Nothing annoys the German consumers when shopping as much as long queues at the till. This is shown again and again by studies. No wonder that now more and more traders are looking for ways to avoid the hated queuing. Regardless of Rewe, Saturn or Globus: The fight against the queuing has begun.
Take Rewe as an example: in a large shopping center in Cologne-Rodenkirchen, the retail giant has recently offered customers the option of directly scanning their purchases when they put them in the shopping cart. Either with a scanner provided by the shop or – after downloading the necessary app – with your own smartphone.
During the self-test, the whole thing works surprisingly well in the first attempt. The milk pack, the canned soup or the soda are held just before the cell phone is clamped in a holder on the shopping cart, the bar code is scanned and the item appears in a clear list on the mobile phone display – including the total price of the previously scanned product.
At the end of the shopping process, the list of purchased products is transferred to the self-service checkout in a matter of seconds and the invoice is automatically generated. The lengthy unpacking and packing at the box is eliminated. The only requirement to be able to use the offer: a Payback card.
“We want to reduce the queues at the checkout,” explains Rewe project manager Julia Volks the motives of the dealer. The pressure on Rewe and the other dealers is great. After the “Adyen Retail Report 2018”, a representative survey among 1000 consumers, 58 percent of customers perceive queues as the biggest nuisance when shopping. Almost two thirds of respondents even said they had left a store for a queue without shopping – the maximum penalty for traders.
That is why Germany’s second-largest grocer is not alone with his advance. Edeka, Saturn or Globus – in the age of effortless online shopping, more and more retailers are looking for an enchanting formula against the annoying cashpoint snakes.
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Mobile payments in retail
Since the end of last year, the electronics chain Saturn, for example, has been offering customers at its largest branch in the center of Hamburg the opportunity to buy more than 100,000 products directly from the shelves and pay by credit card or Paypal. Although the customer then still has a switch to enable the scanned with the smartphone goods, so he can leave the store unmolested. Nevertheless, the offer is popular, according to Saturn. “It’s going very well,” a Saturn spokeswoman summed up the first experiences. As a result, the company has now extended the original three-month trial by another three months. Rewe even wants to spend a year on his pilot project.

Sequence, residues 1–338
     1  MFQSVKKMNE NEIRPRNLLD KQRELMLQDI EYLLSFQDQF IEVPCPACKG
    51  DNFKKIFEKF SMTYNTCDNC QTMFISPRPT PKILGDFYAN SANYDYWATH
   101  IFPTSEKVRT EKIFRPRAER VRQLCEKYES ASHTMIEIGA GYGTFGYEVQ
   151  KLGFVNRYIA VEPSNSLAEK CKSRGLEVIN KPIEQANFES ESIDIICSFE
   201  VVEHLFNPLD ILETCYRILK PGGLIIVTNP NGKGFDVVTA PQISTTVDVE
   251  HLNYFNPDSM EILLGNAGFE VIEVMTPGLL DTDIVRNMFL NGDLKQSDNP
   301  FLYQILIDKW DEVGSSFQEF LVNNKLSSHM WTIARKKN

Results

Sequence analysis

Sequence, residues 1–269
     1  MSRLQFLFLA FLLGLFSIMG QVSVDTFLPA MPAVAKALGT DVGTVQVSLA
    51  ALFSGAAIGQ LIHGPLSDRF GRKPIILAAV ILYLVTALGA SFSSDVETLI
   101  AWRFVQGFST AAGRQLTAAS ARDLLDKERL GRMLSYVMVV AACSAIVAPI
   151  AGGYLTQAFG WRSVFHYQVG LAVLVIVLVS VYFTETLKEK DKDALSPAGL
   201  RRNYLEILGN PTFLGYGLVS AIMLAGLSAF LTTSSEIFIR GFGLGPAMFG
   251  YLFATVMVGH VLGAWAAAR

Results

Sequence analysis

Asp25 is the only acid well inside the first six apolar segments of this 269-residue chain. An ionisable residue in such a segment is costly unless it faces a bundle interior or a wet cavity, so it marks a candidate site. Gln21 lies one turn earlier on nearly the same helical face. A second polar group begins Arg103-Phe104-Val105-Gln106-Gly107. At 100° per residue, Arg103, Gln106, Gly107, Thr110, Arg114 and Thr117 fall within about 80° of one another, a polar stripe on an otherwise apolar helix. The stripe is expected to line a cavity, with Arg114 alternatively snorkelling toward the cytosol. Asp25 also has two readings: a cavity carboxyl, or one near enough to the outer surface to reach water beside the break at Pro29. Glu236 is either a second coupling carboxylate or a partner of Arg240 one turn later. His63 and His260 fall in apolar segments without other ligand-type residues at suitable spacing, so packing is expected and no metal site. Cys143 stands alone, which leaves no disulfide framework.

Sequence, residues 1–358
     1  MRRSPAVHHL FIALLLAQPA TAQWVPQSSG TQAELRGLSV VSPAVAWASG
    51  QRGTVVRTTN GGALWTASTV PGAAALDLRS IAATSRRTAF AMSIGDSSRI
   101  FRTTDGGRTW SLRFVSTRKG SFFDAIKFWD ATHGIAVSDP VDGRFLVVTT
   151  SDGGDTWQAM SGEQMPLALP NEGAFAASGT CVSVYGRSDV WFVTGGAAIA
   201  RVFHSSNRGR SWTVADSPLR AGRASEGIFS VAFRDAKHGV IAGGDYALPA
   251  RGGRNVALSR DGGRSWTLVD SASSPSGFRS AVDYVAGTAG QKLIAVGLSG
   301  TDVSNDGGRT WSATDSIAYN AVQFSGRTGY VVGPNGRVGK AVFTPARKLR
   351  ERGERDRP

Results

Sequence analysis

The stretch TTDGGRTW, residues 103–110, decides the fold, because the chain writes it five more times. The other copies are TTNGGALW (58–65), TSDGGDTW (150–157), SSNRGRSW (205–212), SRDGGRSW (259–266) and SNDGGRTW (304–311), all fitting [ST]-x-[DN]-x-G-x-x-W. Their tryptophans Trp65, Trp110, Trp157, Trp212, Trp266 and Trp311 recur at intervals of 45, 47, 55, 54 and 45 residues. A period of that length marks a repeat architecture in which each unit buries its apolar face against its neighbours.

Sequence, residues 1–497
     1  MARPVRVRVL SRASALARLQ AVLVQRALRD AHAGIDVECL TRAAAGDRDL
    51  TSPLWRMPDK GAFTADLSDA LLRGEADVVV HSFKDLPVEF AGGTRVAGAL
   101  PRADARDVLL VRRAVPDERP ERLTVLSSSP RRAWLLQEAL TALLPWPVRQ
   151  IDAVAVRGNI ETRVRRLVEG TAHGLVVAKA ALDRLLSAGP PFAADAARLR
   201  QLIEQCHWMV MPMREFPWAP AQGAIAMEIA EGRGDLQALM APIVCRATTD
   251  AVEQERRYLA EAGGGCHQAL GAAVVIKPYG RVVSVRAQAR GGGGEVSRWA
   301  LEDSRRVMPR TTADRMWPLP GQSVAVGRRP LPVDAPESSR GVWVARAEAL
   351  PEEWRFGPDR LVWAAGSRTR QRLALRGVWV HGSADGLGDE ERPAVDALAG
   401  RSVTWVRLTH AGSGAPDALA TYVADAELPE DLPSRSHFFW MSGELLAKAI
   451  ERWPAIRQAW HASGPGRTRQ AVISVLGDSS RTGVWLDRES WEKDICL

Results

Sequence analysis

The competitor Globus is far beyond the experimental stage. In 30 of the 47 large stores of the brand in Germany, customers can now collect the goods themselves with a scanner before they put them in the shopping cart and pay at the end at a pay station the automatically calculated amount. “Long queues at the supermarket checkout are a thing of the past with Globus’ new payment system,” the trader advertises on his website. The system is very well received and should be rolled out even further, said a company spokeswoman in St. Wendel recently.
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Self-checkouts are becoming more popular
One thing is clear: The trend towards self-scanning is gradually gaining momentum in Germany. Scanning directly while shopping is still the exception, but find self-service checkouts, where the customer captures the goods after the purchase itself, now more and more widespread. “By the end of this year, there will probably be as many as 800 to 1,000 stores in Germany offering this,” estimates Frank Horst from the Cologne-based trade research institute EHI. “That’s almost a doubling in two years.” The pioneers were Ikea and Real.
The self-service funds are especially popular with customers with smaller purchases, who wanted to stand with two or three parts not in line, knows Rewe expert Volks. Self-scanning immediately during shopping, on the other hand, is more used for large purchases.
In an international comparison, however, Germany is a latecomer when it comes to self-scanning. And that is probably also the consumers themselves. Many consumers are still strangers in dealing with the unfamiliar devices and in the end often prefer to stand in the hated queue.
Even the pilot projects of Rewe and Saturn, which have been rolled out with a great deal of effort, have so far received only limited approval. For the weekend, the possibility of mobile scanning in the Cologne Rewe Center of about 100 customers per day used, in the week it was less, it is said at the dealer. Saturn is called similar numbers. A Rewe spokesman assesses the situation as diplomatic: “Technically, a lot goes by now – the customer just has to accept it.”